The NPMS is a joint citizen science project managed by the Centre of Ecology and Hydrology, including Plantlife and the BSBI as major partners. The new scheme was launched in 2015 and it has been carefully designed by scientists to provide good quality statistically amenable data with subsequently road tested by volunteers. You really don't have to be a botanical expert to take part - you can choose to survey at the "Wildflower level".
To take part register for a square on the NPMS website National Plant Monitoring Scheme choosing one of the randomly selected squares which you like the look of. (This aspect of the scheme is a bit like the Breeding Bird Survey).
You'll get sent a pack with the survey guidelines, a plant identification guide and a OS map of your chosen square. When a weather window opens, go and take a look at the square, keeping to footpaths or other public access areas. If you still feel happy with the square you'll need to think about which parts of it you will need to gain access to in order to survey the 5 required plots.
Think about covering a range of the NPMS habitats within the square, prioritising ponds and flushes. Remember that if you are surveying in a woodland your plot will be 10x10m in size and not the normal 5x5m or 1x25m size.
Finding out landowner information to acquire access permission can be tricky. You could use it as an excuse for a drink in the local pub or just ask at a nearby farm. Obviously you need to be careful not to be too intrusive here and a letter of introduction is provided with the pack.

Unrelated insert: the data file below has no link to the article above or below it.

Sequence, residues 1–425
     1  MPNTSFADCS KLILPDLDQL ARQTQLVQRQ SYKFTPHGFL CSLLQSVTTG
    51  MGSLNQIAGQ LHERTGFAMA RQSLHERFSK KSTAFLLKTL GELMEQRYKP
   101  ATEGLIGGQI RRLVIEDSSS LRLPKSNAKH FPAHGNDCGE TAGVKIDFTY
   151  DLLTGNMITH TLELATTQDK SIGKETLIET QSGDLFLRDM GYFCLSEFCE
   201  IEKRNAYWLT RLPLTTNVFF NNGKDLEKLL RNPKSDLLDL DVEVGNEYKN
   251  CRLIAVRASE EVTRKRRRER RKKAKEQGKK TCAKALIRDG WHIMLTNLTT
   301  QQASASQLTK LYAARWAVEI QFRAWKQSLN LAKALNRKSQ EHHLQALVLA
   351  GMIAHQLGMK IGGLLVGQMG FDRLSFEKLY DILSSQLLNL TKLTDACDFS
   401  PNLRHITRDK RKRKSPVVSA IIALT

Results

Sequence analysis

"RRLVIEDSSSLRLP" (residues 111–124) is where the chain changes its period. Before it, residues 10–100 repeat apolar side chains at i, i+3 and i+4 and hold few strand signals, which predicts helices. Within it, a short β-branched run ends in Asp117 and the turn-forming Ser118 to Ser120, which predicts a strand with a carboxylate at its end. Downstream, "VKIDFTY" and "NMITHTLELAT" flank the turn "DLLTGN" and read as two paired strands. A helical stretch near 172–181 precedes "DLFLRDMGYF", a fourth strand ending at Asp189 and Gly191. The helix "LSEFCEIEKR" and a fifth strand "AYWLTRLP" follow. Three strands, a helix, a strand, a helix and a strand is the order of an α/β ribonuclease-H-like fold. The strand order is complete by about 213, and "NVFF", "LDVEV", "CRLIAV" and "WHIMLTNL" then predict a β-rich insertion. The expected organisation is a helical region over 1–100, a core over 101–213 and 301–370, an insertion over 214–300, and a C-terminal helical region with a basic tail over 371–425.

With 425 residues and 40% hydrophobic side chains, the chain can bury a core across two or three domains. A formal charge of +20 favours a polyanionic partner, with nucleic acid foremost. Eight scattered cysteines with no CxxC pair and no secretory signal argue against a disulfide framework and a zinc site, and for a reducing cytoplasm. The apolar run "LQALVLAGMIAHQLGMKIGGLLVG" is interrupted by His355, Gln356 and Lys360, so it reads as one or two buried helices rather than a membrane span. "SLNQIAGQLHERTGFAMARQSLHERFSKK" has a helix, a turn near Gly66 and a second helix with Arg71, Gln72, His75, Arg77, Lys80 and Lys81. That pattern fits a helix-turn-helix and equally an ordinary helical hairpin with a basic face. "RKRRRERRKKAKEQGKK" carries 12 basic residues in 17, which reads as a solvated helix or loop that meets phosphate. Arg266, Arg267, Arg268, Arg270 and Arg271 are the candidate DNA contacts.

Once access permission has been gained you might wish to visit your square again before surveying begins in earnest next May. It is worthwhile spending a bit of time locating exactly where your 5 plots should be.
A GPS is handy for this and it will help you find the plots again via the "find" feature. However if you don't have one of these you could download a GPS app onto your smartphone ( most are free).
If you are surveying in an open field and relying on an app it is harder to refind your plot. In this case sketching a map of the features is essential. In particular you might want to note features which line up near the skyline on the corner of your plot. You could do this for both axes of the plot if the area is very open and featureless. This is usually so effective you could actually find your plot more quickly this way than trying to follow a shifting arrow on a GPS unit!
|Lining up features on the skyline for a plot in a open field|
Then with much of the ground work done you will be able to focus on the more enjoyable botanical recording next spring. I was lucky enough to find Marsh-marigolds (Caltha palustris) in my wet woodland plot - scatterings of glossy gold gleaming in the filtered green light. I also found some Wood Horsetail (Equisetum sylvaticum) nearby which seems to be only a second record for the hectad. Who knows what you will find?
|A few of the Marsh-marigolds in my woodland NPMS plot|